This four year Merit Review proposal directly compares the efficacy of two markedly different exercise models in veteran stroke survivors, within the context of an overall cardiovascular risk factor reduction program. We will gain insight into how these programs are translated into VA community settings (Loch Raven Community-Based Outpatient Center and VA Perry Point), as well as the ideal order of initiation when participants are exposed to both interventions in a counterbalance manner over 12 months. We hypothesize that initiating the proposed 12-month cross-over intervention with higher intensity treadmill training (HI-TM) (months 0-6) followed by a lower intensity group exercise program (LILI) (months 6-12) will result in the largest long-term impact on functional and behavioral outcomes. Specifically, we propose that HI-TM will establish a baseline level of cardiovascular fitness and endurance such that that the balance and gait training in LILI can be optimally applied for the greatest benefit in months 6 through 12. Conversely, the opposing intervention pattern of LILI followed by HI-TM may produce the greatest cardiometabolic adaptations by month 12, given that that stroke survivors in this group will start HI-TM at month 6 with a higher level of baseline functional competence.
The Specific Aims are: (1) Directly compare the effects of 6-months HI-TM, LILI and EC (education control) regimens on functional, cardiometabolic, behavioral, and quality-of-life outcomes in disabled veteran stroke survivors;(2) Assess whether order of implementation impacts gains in each outcome category during a cross-over period to 1 year;(3) Compare the durability and continuation of all outcome gains in cohorts performing ongoing formal center-based training versus cohorts undergoing only home-based exercise during months 12-18. The proposal consists of eight phases that are estimated to take each treatment arm cohort approximately 20 - 21 months to complete. During phase 1 (ongoing) we will screen and consent chronic stroke patients (4 cohorts of 30 each). Phase 2 will consist of baseline testing that includes assessments of peak aerobic capacity, oral glucose tolerance, ambulatory function, balance, free-living physical activity, self-reported physical activity, lifestyle behaviors, self-efficacy/ outcome expectations for exercise, stage of readiness to change exercise behavior, functional status and perceived quality of life. Volunteers are then randomized to either HI-TM, LILI or EC for 6 months (phase 3). All groups, including EC, will receive evidence-based education and counseling for adherence to the American Stroke Association's guidelines for prevention of secondary stroke. In Phase 4, all baseline testing and analyses are repeated. In Phase 5, those in the two treatment arms commence with an additional 6-month cross- over period with all measures repeated at 12 months (Phase 6). Finally, Phase 7 relates to exploratory Aim 3 (suggested by reviewers) during which half of participants continue formal center-based exercise training for comparison at month 18 (Phase 8) with those who discontinue formal training in favor of home-based exercise recommendations.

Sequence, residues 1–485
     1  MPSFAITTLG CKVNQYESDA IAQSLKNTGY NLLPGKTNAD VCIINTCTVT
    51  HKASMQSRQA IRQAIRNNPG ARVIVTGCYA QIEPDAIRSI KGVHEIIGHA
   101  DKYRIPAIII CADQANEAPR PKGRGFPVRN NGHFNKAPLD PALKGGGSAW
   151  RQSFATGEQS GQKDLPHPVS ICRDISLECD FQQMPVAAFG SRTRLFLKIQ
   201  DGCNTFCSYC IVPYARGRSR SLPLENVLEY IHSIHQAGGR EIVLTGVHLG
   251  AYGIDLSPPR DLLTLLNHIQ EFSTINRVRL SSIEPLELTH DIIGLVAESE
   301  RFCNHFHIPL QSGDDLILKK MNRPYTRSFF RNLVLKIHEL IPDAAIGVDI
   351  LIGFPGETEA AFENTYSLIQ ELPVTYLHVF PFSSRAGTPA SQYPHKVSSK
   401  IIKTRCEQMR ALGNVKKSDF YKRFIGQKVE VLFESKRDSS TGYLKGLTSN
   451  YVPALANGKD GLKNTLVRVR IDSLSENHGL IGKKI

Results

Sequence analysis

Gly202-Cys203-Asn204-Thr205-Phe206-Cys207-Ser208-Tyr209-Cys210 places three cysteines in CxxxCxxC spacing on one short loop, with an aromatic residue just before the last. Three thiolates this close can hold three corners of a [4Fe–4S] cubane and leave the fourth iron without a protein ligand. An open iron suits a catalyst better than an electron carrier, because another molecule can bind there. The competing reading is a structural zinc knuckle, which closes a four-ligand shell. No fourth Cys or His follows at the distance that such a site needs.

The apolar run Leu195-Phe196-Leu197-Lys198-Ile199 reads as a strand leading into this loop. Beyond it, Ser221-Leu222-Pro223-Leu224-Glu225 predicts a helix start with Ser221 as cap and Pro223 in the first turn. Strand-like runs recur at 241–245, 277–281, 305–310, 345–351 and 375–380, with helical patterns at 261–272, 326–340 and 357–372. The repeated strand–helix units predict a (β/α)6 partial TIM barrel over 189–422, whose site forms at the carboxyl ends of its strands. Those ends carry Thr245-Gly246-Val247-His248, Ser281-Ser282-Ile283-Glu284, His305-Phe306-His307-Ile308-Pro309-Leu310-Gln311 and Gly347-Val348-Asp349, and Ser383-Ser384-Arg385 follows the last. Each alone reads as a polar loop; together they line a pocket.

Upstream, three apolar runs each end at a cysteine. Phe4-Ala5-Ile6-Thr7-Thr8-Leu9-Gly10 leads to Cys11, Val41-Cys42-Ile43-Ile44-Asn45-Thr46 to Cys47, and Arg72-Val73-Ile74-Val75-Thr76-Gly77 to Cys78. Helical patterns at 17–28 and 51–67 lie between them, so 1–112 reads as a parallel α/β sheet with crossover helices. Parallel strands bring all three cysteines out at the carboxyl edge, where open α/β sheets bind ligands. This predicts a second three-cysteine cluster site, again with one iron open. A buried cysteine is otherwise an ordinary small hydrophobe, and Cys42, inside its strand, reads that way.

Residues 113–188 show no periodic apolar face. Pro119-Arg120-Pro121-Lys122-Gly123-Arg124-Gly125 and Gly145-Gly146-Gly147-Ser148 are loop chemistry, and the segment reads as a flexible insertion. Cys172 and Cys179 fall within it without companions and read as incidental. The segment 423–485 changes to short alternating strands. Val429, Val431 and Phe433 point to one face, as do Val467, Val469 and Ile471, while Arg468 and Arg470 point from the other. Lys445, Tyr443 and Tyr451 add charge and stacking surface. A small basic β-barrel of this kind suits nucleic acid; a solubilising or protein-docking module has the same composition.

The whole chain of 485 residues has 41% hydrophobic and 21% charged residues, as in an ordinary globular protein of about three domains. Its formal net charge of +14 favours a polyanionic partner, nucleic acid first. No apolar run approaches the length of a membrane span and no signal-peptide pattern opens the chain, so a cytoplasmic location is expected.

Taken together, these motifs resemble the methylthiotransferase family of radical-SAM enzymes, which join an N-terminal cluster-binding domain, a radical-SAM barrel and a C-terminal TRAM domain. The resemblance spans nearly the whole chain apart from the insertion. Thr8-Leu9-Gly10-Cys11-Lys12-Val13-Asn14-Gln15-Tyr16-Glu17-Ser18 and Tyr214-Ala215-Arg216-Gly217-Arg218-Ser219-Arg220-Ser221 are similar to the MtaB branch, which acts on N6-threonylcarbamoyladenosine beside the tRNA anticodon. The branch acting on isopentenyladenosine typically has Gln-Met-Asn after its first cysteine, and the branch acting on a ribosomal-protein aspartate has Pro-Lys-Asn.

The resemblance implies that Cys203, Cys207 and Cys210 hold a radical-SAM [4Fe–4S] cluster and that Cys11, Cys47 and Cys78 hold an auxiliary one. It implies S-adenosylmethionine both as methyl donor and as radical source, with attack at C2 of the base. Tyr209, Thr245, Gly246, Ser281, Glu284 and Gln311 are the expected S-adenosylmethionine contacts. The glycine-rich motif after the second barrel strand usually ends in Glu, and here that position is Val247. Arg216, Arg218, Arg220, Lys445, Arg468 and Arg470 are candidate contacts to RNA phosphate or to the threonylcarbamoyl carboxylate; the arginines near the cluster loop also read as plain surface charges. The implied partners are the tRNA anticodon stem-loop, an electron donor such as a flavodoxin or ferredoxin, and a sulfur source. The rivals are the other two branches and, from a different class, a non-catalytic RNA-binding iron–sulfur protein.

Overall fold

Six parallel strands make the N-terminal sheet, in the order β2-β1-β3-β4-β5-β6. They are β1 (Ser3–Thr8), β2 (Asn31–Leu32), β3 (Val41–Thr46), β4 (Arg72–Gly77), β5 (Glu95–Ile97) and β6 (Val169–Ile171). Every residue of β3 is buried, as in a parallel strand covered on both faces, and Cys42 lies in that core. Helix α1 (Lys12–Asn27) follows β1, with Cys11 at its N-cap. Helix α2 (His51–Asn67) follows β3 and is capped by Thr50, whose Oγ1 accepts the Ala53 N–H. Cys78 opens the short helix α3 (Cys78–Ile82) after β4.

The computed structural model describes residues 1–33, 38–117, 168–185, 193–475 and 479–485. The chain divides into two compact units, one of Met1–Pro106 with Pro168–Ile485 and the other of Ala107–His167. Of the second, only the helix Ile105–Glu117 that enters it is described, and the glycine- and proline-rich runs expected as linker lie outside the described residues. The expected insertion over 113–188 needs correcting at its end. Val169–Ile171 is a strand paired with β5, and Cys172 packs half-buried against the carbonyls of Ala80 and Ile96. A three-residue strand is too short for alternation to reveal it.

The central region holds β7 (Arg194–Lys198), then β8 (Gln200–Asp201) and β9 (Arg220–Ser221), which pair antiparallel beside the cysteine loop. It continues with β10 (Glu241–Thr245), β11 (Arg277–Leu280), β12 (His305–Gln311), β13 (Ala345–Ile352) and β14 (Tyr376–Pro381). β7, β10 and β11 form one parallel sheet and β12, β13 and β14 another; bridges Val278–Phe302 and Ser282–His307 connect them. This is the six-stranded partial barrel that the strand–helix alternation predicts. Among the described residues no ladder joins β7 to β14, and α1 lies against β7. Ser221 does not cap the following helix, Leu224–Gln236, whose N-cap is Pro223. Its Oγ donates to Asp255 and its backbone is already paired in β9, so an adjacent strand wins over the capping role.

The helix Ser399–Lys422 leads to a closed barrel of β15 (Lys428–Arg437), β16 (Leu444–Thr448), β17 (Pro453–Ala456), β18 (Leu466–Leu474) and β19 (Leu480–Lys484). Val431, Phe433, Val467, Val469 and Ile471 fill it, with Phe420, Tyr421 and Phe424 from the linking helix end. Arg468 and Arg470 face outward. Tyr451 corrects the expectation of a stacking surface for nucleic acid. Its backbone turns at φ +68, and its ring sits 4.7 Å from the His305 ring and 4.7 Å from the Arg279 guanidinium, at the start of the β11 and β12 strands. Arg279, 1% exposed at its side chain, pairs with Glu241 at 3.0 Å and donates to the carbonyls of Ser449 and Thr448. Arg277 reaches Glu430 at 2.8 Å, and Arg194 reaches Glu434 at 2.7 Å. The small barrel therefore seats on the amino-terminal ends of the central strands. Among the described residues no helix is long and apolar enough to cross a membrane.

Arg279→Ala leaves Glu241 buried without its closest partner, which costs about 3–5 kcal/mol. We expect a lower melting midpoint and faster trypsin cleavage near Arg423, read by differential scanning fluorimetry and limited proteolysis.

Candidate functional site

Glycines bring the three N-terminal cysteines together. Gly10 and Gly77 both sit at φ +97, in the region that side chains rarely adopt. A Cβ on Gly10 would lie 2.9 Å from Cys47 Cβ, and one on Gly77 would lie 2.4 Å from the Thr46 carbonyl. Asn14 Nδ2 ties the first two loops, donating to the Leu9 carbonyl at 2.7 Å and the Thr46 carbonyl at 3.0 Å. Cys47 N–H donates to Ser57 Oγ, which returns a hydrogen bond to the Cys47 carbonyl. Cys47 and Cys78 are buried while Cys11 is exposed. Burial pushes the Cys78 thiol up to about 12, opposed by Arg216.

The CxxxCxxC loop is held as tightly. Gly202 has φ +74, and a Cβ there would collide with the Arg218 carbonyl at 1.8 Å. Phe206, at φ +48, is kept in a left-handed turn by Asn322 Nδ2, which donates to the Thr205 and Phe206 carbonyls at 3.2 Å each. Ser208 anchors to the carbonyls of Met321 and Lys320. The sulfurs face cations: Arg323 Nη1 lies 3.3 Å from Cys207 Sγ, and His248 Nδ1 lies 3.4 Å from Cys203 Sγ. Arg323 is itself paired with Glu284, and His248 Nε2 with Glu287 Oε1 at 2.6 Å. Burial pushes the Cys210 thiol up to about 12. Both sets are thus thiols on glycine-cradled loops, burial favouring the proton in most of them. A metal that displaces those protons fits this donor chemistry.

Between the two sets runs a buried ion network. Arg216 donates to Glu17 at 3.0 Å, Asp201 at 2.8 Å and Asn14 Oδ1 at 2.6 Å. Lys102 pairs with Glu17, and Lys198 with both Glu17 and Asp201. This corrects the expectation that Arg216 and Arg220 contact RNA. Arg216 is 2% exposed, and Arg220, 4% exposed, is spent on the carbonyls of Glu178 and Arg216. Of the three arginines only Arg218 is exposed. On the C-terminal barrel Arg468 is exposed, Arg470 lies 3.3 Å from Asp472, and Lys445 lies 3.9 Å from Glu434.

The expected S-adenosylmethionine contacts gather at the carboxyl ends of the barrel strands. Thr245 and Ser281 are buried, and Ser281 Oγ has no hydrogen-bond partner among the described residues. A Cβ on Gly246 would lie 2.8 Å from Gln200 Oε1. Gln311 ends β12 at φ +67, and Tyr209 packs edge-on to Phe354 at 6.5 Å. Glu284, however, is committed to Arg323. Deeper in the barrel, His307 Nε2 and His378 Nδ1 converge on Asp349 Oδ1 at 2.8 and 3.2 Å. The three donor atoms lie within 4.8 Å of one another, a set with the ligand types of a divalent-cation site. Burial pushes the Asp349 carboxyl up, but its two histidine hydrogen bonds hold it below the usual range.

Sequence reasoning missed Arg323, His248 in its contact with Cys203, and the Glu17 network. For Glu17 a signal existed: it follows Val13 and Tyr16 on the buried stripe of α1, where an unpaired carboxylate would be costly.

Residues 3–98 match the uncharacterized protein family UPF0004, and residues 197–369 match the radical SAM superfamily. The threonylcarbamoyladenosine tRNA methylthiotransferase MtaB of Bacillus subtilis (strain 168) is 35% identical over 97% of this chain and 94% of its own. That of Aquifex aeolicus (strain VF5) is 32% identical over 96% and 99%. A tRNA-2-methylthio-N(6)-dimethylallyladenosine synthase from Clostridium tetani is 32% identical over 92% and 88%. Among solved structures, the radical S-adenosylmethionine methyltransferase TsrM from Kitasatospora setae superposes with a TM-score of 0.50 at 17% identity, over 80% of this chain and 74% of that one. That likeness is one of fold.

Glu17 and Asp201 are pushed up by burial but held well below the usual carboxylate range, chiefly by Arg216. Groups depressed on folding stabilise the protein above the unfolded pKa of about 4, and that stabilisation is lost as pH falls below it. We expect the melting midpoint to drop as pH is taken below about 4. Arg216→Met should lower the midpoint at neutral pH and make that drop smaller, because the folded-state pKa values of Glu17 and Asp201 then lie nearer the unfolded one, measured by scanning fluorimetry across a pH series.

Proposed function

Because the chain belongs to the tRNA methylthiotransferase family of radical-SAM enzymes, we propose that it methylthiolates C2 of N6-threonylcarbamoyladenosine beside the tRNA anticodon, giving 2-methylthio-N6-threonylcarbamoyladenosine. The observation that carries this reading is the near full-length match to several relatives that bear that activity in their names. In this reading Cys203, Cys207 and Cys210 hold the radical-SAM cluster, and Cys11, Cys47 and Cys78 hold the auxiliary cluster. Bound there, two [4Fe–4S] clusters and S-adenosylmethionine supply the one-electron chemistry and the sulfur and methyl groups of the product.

Aim 3 will provide important preliminary information on the exercise requirements for adding to or durably maintaining outcome gains over an extended period after disabling stroke. The work proposed in this Merit Award addresses a number of factors that will help define new evidence for rehabilitation models within the VHS. Current methods of stroke rehabilitation do not effectively prevent or reverse changes in metabolic fitness, function, and declining activity patterns, causing decrements to both physiological and psychological health. The proposed study will provide foundational evidence for translating exercise models into the community, with the potential to ultimately change the current standard of care by altering the way disabled veteran stroke survivors are counseled and transitioned following completion of conventional therapy post stroke.
The VA patient care mission is to improve the health status and quality of life of veterans after disabling events such as stroke. The current study will directly compare the application of two markedly different exercise paradigms (group exercise programs that emphasize balance and truncal stability versus high-intensity treadmill training) in novel community-based VA settings. All enrollees will receive education regarding stroke and information on stroke risk reduction. The research from this Merit proposal could eventually change the current standard of post stroke care by providing evidenced-based strategies for managing the way disabled veteran stroke survivors are counseled and transitioned following completion of conventional therapy. The information provided by this Merit Review could aid the future planning for a multi- center VA cooperative trial.